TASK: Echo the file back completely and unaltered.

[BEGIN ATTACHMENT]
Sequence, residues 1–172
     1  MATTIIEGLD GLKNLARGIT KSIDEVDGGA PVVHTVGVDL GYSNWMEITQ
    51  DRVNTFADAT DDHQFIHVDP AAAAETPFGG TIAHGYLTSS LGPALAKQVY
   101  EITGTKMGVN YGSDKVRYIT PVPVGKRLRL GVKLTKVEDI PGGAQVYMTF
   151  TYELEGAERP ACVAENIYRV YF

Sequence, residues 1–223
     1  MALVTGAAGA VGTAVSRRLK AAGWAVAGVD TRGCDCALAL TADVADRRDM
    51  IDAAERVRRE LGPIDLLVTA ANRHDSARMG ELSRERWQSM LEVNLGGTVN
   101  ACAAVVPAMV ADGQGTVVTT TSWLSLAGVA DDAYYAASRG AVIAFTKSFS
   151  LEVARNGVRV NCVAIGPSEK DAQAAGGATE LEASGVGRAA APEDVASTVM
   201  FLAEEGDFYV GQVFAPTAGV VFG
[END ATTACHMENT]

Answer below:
Sequence, residues 1–172
     1  MATTIIEGLD GLKNLARGIT KSIDEVDGGA PVVHTVGVDL GYSNWMEITQ
    51  DRVNTFADAT DDHQFIHVDP AAAAETPFGG TIAHGYLTSS LGPALAKQVY
   101  EITGTKMGVN YGSDKVRYIT PVPVGKRLRL GVKLTKVEDI PGGAQVYMTF
   151  TYELEGAERP ACVAENIYRV YF

Sequence, residues 1–223
     1  MALVTGAAGA VGTAVSRRLK AAGWAVAGVD TRGCDCALAL TADVADRRDM
    51  IDAAERVRRE LGPIDLLVTA ANRHDSARMG ELSRERWQSM LEVNLGGTVN
   101  ACAAVVPAMV ADGQGTVVTT TSWLSLAGVA DDAYYAASRG AVIAFTKSFS
   151  LEVARNGVRV NCVAIGPSEK DAQAAGGATE LEASGVGRAA APEDVASTVM
   201  FLAEEGDFYV GQVFAPTAGV VFG